Wondering what happens next? Here's a sneak peek at the first chapter of the tenth Sebastian St. Cyr mystery, Who Buries the Dead...
Sunday, 21 March 1813
They called it Bloody Bridge.
It lay at the end of a dark, winding lane, far beyond the comforting flicker of the oil lamps of Sloane Square, beyond the last of the tumbledown cottages at the edge of a vast stretch of fields that showed only black in the moonless night. Narrow and hemmed in on both sides by high walls, the bridge was built of brick, worn and crumbling with age and slippery with moss where the elms edging the rivulet cast a deep, cold shade.
Cian O’Neal tried to avoid this place, even in daylight. It had been Molly’s idea to come here, for on the far side of the bridge lay a deserted barn with a warm, soft hayloft that beckoned to young lovers in need. But now as the wind tossed the elms along the creek and brought the distant, mournful howl of a dog, Cian felt the hard pulsing urgency that had driven him here begin to ebb.
“Maybe this ain’t such a good idea, Molly,” he said, his step lagging. “The barn, I mean.”
She swung to face him, dark eyes shiny in a plump, merry face. “What’s the matter, Cian?” She pressed her warm, yielding body against his, her voice husky. “You havin’ second thoughts?”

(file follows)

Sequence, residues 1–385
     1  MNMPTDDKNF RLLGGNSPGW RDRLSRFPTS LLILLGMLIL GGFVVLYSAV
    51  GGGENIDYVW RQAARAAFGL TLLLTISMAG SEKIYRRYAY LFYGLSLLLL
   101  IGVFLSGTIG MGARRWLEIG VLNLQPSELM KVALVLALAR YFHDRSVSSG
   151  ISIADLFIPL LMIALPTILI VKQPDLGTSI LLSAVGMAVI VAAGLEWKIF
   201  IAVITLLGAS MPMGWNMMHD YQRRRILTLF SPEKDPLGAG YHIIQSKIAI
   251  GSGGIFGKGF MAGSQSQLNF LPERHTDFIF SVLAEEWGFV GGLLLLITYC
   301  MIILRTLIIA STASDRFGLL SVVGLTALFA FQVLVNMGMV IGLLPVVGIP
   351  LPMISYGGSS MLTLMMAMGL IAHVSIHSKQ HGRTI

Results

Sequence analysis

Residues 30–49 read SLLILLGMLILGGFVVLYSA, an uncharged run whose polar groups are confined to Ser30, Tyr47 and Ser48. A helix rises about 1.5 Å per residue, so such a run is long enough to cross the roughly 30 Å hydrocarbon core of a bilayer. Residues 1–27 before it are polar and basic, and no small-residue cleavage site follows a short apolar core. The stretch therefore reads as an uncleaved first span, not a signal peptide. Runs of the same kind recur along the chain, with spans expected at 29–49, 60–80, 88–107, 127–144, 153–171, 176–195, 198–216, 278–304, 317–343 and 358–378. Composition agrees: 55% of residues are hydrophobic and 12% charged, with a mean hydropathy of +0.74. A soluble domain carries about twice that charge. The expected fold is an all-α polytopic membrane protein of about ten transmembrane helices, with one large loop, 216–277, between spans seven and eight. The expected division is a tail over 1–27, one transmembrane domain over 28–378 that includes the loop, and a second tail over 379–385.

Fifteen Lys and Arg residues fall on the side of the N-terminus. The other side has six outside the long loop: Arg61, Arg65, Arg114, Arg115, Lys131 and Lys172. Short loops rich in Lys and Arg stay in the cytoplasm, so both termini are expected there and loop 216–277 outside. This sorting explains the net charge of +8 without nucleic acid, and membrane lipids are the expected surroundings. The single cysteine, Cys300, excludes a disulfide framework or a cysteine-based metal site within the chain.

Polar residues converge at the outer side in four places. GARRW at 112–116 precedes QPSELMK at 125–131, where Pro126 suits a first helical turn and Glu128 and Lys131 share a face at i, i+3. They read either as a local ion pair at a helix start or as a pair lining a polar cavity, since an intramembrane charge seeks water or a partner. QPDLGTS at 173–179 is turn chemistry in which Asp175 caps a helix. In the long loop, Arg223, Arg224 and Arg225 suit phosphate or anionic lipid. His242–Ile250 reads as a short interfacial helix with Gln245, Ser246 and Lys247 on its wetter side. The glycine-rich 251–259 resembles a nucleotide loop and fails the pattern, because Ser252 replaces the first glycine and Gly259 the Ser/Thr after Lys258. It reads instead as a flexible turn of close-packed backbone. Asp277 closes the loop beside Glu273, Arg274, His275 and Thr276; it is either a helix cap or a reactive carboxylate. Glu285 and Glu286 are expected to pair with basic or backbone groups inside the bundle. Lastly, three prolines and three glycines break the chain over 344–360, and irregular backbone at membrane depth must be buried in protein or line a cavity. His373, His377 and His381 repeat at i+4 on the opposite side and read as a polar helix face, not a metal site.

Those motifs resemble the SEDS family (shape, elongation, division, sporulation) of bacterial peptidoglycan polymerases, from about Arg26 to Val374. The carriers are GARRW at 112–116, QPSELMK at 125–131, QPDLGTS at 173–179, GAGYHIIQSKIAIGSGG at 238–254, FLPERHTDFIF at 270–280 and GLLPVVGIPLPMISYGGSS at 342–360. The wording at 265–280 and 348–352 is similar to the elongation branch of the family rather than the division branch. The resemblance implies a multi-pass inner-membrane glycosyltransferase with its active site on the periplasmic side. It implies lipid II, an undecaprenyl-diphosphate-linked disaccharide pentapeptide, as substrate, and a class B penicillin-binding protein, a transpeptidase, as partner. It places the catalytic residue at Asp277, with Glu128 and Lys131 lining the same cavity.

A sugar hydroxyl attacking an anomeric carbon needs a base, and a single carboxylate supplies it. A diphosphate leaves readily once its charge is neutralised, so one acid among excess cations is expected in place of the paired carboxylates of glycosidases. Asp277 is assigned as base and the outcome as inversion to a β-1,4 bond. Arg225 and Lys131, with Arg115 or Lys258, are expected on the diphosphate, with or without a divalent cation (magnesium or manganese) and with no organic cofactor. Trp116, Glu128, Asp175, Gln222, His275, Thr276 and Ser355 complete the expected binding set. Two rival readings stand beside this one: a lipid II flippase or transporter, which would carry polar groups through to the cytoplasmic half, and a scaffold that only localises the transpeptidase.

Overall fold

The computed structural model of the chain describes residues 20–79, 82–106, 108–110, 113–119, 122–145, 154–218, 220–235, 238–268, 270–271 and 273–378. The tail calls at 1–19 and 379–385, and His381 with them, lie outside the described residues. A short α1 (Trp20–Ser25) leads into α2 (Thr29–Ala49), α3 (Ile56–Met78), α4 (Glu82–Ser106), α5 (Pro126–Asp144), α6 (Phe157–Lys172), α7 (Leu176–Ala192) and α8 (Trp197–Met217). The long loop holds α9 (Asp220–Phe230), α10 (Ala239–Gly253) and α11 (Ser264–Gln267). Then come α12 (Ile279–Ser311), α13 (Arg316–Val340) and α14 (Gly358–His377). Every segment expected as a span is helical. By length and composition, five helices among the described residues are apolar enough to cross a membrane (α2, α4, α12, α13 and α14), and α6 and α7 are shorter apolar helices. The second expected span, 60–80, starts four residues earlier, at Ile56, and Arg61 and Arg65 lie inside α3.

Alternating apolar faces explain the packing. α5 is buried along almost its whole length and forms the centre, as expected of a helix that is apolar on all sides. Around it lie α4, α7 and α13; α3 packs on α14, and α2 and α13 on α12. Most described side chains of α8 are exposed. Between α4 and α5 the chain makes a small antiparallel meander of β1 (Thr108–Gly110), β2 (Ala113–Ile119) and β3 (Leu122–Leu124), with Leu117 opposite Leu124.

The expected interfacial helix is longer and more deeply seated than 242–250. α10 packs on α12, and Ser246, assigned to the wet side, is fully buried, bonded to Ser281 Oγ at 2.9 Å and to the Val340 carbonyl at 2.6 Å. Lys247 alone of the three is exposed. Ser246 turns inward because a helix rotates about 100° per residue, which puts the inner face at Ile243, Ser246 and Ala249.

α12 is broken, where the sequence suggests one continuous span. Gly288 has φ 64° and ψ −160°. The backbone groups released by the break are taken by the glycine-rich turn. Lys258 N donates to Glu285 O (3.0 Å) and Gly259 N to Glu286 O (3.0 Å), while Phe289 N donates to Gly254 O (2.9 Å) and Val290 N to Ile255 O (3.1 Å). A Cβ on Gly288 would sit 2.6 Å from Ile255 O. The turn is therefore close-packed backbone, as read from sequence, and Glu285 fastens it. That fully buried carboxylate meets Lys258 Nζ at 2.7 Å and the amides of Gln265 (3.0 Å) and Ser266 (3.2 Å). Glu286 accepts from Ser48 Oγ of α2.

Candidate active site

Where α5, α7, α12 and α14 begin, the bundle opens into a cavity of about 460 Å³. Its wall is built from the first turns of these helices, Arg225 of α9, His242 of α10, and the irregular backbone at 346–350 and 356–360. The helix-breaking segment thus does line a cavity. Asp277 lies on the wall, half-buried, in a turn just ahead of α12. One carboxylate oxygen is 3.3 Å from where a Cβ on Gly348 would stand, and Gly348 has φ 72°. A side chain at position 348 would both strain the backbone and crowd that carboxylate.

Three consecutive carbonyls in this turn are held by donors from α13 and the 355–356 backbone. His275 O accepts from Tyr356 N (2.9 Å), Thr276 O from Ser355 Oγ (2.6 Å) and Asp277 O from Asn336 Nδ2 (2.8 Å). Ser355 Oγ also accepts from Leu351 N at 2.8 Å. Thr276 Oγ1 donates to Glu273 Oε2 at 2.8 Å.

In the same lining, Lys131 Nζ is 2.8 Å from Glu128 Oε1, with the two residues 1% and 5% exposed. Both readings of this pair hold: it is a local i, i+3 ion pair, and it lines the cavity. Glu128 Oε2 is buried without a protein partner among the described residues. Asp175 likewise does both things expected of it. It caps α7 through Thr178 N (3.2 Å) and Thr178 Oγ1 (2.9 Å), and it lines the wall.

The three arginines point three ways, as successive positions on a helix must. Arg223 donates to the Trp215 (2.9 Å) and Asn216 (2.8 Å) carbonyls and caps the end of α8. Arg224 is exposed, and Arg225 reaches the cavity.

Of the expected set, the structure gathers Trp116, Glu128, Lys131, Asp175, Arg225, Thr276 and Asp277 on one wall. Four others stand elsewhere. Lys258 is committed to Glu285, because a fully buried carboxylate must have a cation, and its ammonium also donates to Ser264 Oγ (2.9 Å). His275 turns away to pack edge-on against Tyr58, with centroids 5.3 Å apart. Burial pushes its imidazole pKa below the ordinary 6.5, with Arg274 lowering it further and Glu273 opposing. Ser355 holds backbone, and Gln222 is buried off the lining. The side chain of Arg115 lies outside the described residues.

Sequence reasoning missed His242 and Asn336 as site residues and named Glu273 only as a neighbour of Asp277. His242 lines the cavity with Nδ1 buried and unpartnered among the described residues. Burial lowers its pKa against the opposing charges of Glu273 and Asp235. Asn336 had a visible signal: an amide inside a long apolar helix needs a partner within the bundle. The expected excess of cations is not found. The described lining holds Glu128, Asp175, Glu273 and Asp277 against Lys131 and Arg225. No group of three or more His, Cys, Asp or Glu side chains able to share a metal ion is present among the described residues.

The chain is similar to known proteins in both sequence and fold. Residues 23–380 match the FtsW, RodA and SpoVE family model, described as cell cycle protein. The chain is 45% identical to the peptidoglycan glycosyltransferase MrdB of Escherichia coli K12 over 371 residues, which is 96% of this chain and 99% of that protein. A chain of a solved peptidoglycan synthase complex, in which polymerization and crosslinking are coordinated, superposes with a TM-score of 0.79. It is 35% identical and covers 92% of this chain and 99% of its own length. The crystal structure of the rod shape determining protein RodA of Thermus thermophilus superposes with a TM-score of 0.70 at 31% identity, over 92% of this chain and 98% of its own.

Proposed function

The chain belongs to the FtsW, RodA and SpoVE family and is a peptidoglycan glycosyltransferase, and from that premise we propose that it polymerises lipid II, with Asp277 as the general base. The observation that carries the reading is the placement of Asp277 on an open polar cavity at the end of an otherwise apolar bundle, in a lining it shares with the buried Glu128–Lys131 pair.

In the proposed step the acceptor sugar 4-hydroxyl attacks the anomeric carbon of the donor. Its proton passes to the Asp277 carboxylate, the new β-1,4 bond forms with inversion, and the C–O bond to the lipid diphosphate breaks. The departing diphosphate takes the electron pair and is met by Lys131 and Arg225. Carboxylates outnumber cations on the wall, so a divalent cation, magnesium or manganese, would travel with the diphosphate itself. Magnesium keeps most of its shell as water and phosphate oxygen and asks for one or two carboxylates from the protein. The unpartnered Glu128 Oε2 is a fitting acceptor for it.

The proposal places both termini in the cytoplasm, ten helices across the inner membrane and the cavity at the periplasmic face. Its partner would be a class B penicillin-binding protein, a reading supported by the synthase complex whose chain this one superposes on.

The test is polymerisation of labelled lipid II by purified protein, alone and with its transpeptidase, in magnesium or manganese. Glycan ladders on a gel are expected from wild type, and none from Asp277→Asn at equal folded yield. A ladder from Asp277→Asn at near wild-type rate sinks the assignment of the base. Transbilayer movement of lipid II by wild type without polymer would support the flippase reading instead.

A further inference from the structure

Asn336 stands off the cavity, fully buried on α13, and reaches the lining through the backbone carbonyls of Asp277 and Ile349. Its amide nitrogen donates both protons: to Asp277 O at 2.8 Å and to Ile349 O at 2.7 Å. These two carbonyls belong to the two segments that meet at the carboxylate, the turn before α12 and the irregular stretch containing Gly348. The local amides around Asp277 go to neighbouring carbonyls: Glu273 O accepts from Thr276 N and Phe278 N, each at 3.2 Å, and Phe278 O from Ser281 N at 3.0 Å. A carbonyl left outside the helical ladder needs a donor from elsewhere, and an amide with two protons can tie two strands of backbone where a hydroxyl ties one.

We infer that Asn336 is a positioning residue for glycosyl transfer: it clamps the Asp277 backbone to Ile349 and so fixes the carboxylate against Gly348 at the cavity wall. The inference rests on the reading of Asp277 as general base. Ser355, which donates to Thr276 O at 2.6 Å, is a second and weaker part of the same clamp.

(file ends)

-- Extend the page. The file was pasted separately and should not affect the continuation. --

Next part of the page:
“No. It’s just…”
The wind gusted up stronger, banging a shutter somewhere in the night, and he jerked.
To his shame, he saw enlightenment dawn in her face, and she gave a trill of laughter. “You’re scared.”
“No I ain’t,” he said, even though they both knew it for a lie. He was a big lad, eighteen next month and strong and hale. But at the moment, he felt like a wee tike frightened by old Irish tales of the Dullahan.
She caught his hand in both of hers and backed down the lane ahead of him, pulling him toward the bridge. “Come on, then,” she said. “How ’bout if I cross first?”
It had rained earlier in the evening, a brief but heavy downpour that left the newly budding leaves of the trees dripping moisture and the lane slippery with mud. He felt an icy tickle at the base of his neck and tried to think about the sweet warmth of the hayloft and the way Molly’s soft, eager body would feel beneath his.
They were close enough to the bridge now that Cian could see it quite clearly, its single arch a deeper black against the roiling darkness of the sky. But something wasn’t quite right, and he felt his scalp prickle, his breath catch as the silhouette of a man’s head loomed before them.
“What is it?” Molly asked, the laughter draining from her face as she whirled around and Cian started to scream.